# Why is the conditional probability formula not the intersection of A and B over A, rather than the intersection over P(A)?

The conditional probability of $$A$$ given the occurrence of $$B$$ is how likely $$A$$ is to have occurred given that $$B$$ has occurred. The formal definition of the conditional probability of $$A$$ given $$B$$ is $$P(A|B)=\frac{P(A\cap B)}{P(B)}$$

I get the numerator term: when we reduce the sample space to just occurrences of $$B$$, then the occurrences of $$A$$ will be all and only those occurrences of $$A$$ which are also occurrences of $$B$$ - i.e. the intersection of $$A$$ and $$B$$.

I don't get the denominator term, though. If we know that $$A$$ has occurred, then $$B$$ becomes the sample space. The probability of an event is defined to be the long-run relative frequency of favourable outcomes to all possible outcomes (i.e. the sample space). That is: $$P(A) = \frac{A}{\Omega}$$

But if $$B$$ becomes the sample space, then why are we assigning a probability to $$B$$, as opposed to dividing by the number of occurrences of $$B$$? In other words, should we not have: $$P(A|B)=\frac{A\cap B}{B}$$

The probability of $$B$$ here is just $$1$$, is it not? What have I missed?

• No, $B$ is a subset of the sample space. We are figuring out how much of $A$ is in $B$. Jun 23, 2022 at 15:29
• This is hard to follow. Counting measure is one type of probability distribution, but it is not the only type. In general, it is not clear what an expression like $\frac {A\cap B}{B}$ might mean.
– lulu
Jun 23, 2022 at 15:33
• There is no need to be rude. Jun 23, 2022 at 15:37

In the approach you are thinking of where you are "counting the number of favourable outcomes", it should really be the cardinality or size of the set: i.e. you $$\mathbb{P}(A) = \frac{|A|}{|\Omega|}$$ (where these all make sense). Now you suggest the conditional probability should be of the form $$\mathbb{P}(A \mid B) = \frac{|A \cap B|}{|B|}$$; compare this to the more general definition $$\mathbb{P}(A \mid B) = \frac{\mathbb{P}(A \cap B)}{\mathbb{P}(B)}$$. These are essentially the same thing, when our probabilities are defined by counting, i.e. $$\mathbb{P}(A \cap B) = \frac{|A \cap B|}{|\Omega|}$$ and $$\mathbb{P}(B) = \frac{|B|}{|\Omega|}$$ (sub them in!)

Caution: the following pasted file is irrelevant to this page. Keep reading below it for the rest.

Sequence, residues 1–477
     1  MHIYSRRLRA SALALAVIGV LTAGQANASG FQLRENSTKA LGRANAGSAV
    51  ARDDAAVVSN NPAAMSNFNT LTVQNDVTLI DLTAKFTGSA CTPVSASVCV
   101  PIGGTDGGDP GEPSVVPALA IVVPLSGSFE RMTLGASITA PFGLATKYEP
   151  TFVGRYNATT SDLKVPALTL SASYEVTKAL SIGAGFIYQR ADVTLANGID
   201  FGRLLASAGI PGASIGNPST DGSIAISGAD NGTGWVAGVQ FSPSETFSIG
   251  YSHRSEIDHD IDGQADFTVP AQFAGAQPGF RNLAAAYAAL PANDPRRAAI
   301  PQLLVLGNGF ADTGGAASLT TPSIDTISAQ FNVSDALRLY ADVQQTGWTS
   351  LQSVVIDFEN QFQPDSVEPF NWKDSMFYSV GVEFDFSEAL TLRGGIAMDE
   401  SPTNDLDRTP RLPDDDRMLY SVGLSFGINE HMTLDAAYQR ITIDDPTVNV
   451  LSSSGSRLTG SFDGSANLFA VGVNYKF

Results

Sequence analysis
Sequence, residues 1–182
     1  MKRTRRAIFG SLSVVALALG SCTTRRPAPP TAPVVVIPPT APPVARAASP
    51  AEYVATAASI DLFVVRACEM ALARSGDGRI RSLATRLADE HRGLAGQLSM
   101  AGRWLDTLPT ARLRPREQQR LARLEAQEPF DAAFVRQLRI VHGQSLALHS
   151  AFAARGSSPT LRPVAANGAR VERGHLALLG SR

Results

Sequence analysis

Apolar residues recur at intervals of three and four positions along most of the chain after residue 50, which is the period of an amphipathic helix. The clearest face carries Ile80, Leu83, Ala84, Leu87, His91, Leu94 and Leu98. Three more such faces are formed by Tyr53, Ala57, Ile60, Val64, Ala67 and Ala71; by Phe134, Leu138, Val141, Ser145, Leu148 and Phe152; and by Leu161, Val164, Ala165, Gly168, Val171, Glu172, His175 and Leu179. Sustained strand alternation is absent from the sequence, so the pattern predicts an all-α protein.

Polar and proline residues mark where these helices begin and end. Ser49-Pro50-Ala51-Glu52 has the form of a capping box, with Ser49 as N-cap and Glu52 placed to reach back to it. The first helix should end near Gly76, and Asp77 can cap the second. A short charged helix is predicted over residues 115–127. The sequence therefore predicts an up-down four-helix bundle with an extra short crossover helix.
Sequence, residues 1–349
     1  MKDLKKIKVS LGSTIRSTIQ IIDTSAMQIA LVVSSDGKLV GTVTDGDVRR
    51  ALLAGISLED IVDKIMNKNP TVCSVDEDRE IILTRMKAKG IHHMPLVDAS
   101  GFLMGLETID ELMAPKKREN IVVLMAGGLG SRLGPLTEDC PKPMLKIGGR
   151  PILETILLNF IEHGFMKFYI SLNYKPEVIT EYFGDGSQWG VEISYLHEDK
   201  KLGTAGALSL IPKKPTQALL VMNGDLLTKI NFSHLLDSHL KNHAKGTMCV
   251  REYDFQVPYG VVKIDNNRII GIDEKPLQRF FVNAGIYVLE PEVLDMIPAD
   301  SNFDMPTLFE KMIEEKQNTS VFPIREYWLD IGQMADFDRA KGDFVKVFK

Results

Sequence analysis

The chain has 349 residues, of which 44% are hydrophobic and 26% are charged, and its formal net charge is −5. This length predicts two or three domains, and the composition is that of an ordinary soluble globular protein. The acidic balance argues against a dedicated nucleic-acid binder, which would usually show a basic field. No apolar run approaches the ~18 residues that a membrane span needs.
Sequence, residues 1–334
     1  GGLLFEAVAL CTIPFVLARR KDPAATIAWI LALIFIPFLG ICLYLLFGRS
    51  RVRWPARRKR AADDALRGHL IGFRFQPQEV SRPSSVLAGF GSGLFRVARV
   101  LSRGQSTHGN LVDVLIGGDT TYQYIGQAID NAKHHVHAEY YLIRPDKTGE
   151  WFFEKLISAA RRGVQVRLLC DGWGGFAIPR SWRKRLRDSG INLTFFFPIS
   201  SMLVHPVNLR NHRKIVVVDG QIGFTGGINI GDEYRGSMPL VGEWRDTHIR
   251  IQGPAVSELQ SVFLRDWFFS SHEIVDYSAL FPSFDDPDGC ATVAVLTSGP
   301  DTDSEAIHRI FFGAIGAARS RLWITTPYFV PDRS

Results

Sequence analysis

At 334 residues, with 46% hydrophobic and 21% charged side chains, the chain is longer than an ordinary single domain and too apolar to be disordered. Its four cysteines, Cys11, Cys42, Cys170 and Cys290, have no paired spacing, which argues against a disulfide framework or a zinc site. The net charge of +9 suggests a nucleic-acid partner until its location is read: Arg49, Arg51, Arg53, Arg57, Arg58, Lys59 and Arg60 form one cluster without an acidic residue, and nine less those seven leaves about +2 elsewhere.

Recall that $$P(A|B)P(B) = P(B|A)P(A) = P(A \cap B)$$.

In other words, the probability of A is conditional upon B occurring, meaning that the probability of B must be accounted for in the expression. Really, you can think of Bayes' rule in terms of simple algebra on this.

$$P(A|B)P(B) = P(A \cap B) \rightarrow\ P(A|B) = \frac{P(A \cap B)}{P(B)}$$

If A and B are independent, in contrast, one could simply write $$P(A)P(B) = P(A \cap B)$$, because in this case $$P(A|B) = P(A)$$.

The remark about dividing by the number of occurrences of B sounds like perhaps you were thinking of the relative frequency among equally probable outcomes, whereas Bayes' rule applies more generally.

The probability of B here is just 1, is it not?

Why would you think that? $$B$$ is a subset of the outcome space, so has some probability between $$0$$ and $$1$$ (excluding $$0$$; because we don't want to divide by that). $$\mathsf P(B)\in(0..1]$$

Note: $$\mathsf P(B)$$ is not the probability of $$B$$ when given $$B$$. Rather it is the probability of $$B$$ when given no constraints.

If you like: $$\mathsf P(B)=\mathsf P(B\mid\Omega)$$ and so forth, so basically:

$$\mathsf P(A\mid B)=\dfrac{\mathsf P(A\cap B\mid\Omega)}{\mathsf P(B\mid\Omega)}$$

The probability of $$A$$ when given $$B$$ equals the probability of the intersection of $$A$$ and $$B$$ (when given anything), divided by the probability of $$B$$ (when given anything).

• I thought the probability of B is 1 here because we know that B has occurred Jun 24, 2022 at 8:17
• You don't know $B$ has occurred. You are just evaluating the probability that $A$ occurs $\underset{\tiny\text{under the condition that}}{\text{when given}}$ that $B$ occurs. "When given" meaning "should it happen to be the case". Jun 24, 2022 at 8:52
• Or to put it another way: you only treat $B$ as being "given" in measures where you are told to do so. $\mathsf P(A\mid B)$ is the probability for $A$ occurring when $B$ occurs. $\mathsf P(B)$ is the probability for $B$ occurring with no conditions. Jun 24, 2022 at 8:58
• I wonder who can read that tiny text without zooming in $1000\times.$ That final equation is a nice clarifying touch. Jun 25, 2022 at 2:02